Board of Directors – At this point I’ve been riding on the SQLSaturday high (what other kind is there?) for months and I wanted more.  The NTSSUG group had a position open for election on their board of directors, so I went for it and won the election!  I absolutely love serving on the BoD.  There is nothing more rewarding than serving the SQL community and serving your local user group is a great way to do it.

Speaking – Twitter and blogging are great ways to share your knowledge and help others, but speaking is a whole other avenue of interaction.  My first time to speak was at our local user group and on sqllunch.com.  I’ve spoken before and taught a few classes, but it was always internally to the company.  You can find the materials here for my “Mirroring: The Bear Necessities” presentation and you can view the recorded webcast on sqllunch.com HERE.

SQLSat #56 - The NTSSUG decided to have a second SQLSaturday focused on Business Intelligence a mere 5 months after the previous SQLSaturday.  Again I was a core organizer and we had a great event. You can read my re-cap HERE.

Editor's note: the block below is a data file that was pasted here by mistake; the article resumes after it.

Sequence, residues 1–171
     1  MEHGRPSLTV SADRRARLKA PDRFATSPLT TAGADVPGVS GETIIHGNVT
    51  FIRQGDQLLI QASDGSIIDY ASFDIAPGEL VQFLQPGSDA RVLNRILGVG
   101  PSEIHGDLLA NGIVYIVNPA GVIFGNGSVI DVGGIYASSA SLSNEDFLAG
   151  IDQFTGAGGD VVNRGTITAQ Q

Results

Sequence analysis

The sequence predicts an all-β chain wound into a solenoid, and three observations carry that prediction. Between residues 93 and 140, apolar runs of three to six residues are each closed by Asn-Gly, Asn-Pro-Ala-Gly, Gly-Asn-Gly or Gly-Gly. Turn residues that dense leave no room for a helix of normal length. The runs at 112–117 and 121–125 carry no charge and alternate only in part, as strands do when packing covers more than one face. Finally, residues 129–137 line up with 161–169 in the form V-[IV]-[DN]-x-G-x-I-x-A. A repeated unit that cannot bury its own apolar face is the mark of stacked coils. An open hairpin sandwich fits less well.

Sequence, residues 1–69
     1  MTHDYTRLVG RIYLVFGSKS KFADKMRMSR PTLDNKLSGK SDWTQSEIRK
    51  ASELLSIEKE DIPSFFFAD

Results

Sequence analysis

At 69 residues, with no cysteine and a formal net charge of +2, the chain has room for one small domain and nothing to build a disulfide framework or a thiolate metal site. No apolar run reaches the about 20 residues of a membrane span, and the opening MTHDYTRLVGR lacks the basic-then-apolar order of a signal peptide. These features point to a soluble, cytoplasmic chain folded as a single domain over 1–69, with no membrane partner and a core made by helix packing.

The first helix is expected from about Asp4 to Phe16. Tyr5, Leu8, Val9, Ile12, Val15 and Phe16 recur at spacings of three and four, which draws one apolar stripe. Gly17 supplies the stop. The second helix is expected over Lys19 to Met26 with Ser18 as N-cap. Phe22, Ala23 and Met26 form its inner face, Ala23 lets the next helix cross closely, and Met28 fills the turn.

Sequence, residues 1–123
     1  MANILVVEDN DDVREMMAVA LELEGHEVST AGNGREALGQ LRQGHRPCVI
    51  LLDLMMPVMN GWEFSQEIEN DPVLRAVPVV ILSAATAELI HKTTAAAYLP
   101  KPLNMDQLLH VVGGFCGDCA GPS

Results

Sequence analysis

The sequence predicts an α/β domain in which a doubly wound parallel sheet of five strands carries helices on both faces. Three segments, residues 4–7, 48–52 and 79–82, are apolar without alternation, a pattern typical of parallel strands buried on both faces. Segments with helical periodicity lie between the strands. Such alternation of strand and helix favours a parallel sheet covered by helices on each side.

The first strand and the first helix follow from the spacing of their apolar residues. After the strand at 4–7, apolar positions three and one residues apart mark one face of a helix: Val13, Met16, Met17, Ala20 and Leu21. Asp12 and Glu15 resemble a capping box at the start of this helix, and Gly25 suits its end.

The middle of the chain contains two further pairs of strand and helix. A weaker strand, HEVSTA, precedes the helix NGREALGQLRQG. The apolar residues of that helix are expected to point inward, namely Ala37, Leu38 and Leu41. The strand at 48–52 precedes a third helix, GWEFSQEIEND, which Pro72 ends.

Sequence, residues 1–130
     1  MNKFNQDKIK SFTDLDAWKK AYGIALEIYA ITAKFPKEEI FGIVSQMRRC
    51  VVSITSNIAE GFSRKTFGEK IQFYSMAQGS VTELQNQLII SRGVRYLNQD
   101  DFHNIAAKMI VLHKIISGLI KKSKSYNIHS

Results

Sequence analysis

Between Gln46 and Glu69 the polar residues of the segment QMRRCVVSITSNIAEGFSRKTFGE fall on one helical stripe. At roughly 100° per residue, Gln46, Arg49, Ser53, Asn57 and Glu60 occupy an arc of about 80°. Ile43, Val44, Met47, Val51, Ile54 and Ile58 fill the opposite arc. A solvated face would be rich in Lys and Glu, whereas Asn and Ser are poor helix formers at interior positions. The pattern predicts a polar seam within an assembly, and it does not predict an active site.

SQLSat #57 – The Houston Texas user group is hosting a SQLSaturday in January 2011.  Several of these folks attended the SQLSaturday in Dallas and I was very fortunate to meet this great group of folks.  This is their first SQLSaturday so I volunteered to help them out where I could.  I plan to be at this event early to help where I can, but so far I have been helping them with their sponsorship process.  In addition, I have also submitted to speak at this event and my fingers are still crossed.